Two globe-trotting Cuckoos return to the Broads

No.:  2014-30
May 2014

Having spent the winter 3,000 miles away in the Congo Rainforest, two special Cuckoos have made it safely back to the Norfolk Broads.

Skinner by Phil Atkinson/BTO

Both birds were satellite tagged in the spring of 2013 by the British Trust for Ornithology (BTO) as part of a wider project across the UK, to help scientists understand why almost two-thirds of the Cuckoo population has been lost during the last twenty-five years.

Both have names, and Skinner (named after local radio personality and farmer, Chris Skinner) was the first Cuckoo to arrive back in the UK this spring, and headed straight for Whitlingham Broad, on the edge of Norwich, the site where he spent the summer of 2013, and where his tag was fitted.  Derek (named by freelance gardening writer, Kate Bradbury) arrived almost three weeks later, and again went straight to his tagging site at Ruston Fen, where he has been chasing female Cuckoos ever since.  Both birds have now given scientists at the BTO complete migration tracks to Africa and back.

The migrations routes for both birds were remarkably similar, migrating south last summer through Spain and West Africa before heading on to their winter locations, for Derek, in the middle of the Congo Rainforest. However, Skinner amazed scientists by moving further south, and in doing so becoming the first ever British Cuckoo to be recorded in Angola.

Paul Stancliffe, of the BTO, said, “That we can follow these birds as they move around their home range is amazing, but to be able to follow them as they leave the country on their 3,000 mile odyssey is incredible. All the time that these birds are wearing satellite tags they are giving scientists vital information that will help inform the future conservation of the Cuckoo in this country.”

He added, “What’s more anyone can follow them by visiting the BTO website www.bto.org/cuckoos. In 2013 Skinner left the Broads on 2 July, with Derek following him 15 days later.”

With the project now in its fourth year, scientists at the BTO hope to learn more about what influences the success and failure for different birds. This spring they have been working with Broads Authority Senior Ecologist Andrea Kelly and Paul Noakes an expert volunteer who have been out tagging more Cuckoos. During the next week, or so, it is hoped that more birds will join Derek and Skinner in providing vital information to secure a future for this iconic bird. Watch this space!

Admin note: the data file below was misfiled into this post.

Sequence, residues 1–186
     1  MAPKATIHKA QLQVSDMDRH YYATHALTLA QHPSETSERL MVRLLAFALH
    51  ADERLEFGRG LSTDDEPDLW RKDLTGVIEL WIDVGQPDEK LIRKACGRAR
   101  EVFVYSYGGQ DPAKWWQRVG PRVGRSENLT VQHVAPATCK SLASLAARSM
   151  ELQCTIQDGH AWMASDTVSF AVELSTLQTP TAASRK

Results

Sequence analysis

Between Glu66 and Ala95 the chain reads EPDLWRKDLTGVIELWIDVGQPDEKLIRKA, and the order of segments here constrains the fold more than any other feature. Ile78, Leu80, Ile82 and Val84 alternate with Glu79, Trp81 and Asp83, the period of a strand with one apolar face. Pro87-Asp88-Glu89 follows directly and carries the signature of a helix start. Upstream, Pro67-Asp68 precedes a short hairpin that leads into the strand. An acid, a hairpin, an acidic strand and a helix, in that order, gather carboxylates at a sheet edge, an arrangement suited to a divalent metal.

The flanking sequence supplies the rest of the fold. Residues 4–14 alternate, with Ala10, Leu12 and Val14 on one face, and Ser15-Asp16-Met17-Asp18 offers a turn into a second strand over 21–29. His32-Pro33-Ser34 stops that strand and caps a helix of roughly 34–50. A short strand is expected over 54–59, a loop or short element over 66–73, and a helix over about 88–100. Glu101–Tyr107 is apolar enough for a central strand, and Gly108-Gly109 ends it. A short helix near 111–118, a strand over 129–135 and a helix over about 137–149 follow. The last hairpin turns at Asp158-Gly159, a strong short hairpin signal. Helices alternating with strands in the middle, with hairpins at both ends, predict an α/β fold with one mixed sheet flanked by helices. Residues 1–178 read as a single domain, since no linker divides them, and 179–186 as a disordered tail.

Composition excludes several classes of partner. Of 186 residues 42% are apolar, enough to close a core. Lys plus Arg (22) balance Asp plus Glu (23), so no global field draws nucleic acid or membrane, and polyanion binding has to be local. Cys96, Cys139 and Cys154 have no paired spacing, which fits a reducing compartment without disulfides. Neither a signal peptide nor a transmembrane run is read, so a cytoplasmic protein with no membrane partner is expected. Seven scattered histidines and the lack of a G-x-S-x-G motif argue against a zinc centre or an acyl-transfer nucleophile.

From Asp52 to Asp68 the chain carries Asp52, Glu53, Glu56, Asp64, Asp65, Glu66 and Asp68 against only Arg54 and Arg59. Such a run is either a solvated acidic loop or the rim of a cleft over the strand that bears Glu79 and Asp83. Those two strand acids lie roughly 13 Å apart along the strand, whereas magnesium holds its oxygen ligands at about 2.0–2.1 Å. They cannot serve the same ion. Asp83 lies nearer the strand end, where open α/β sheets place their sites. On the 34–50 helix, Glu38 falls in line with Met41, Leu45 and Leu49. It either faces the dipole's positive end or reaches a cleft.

In all, five Cuckoos were tagged and named in East Anglia in 2013 but only Skinner and Derek made it back, the other three perishing on migration. Two were lost as they made their way south, Nelson (sponsored by The Broads Authority, who will be sponsoring one of the newly tagged birds this spring) only made it as far as southern France, whilst Nick (named after Professor Nick Davies, renowned Cuckoo expert) crossed the Sahara Desert before being lost in Cameroon.  The last to be lost was Ken, who disappeared in the Ivory Coast whilst on his way back.

Andrea Kelly Senior Ecologist from the Broads Authority said "the whole of the Broads Authority has been watching the website for updates on our Broads birds. We were disappointed that Nelson, Nick and Ken didn’t make it back to the Broads. Migratory birds face many challenges, not at least the loss of the Congo basin rainforest and increasing people pressure all along their journey. Despite their declines, Cuckoos are still heard all over the Broads at this time of year. We are grateful to the scientists and volunteers in the BTO that are linking the Broads to other wild places across the world and hope that they too can also be part of a global network of protected sites."

For information on how to sponsor a Cuckoo, please visit www.bto.org

Notes for Editors

  1. The BTO is the UK's leading bird research charity. A growing membership and up to 60,000 volunteer birdwatchers contribute to the BTO's surveys, collecting information that underpins conservation action in the UK. The BTO maintains a staff of 100 at its offices in Thetford, Stirling, Bangor (Wales) and Bangor (Northern Ireland), who analyse and publicise the results of surveys and projects. The BTO's work is funded by BTO supporters, government, trusts, industry and conservation organisations. www.bto.org
     
  2. Whilst the Cuckoo has been well studied during the breeding season here in the UK, once they headed off on migration very little was known about the routes taken or where in Africa they spent the winter months. There has only been one recovery of a young bird that was found in mid-winter in Cameroon in 1932 - 82 years ago. One of the aims of the project is to pinpoint areas of importance and look at whether there are pressures there which could explain the losses of the British Cuckoo.

    The recent development of lightweight satellite tags, each tag weighs less than 5g, has allowed scientists, for the first time, to track this species in an effort to learn more about the routes and stop-over sites used. The project began in May 2011. For more information, and to follow their movements, please visit www.bto.org/cuckoos
     
  3. The Broads Authority is responsible for conservation, recreation, navigation and planning in the Broads, which is part of the National Park family. It is an internationally important wetland and Britain’s third largest inland waterway. Over 125 miles of  lock free rivers and over 60 shallow lakes form a mosaic of waterways, fens, grazing marshes, reedbeds and wet woodlands which are a haven for over a quarter of the UK’s rarest species. www.broads-authority.gov.uk; www.enjoythebroads.com

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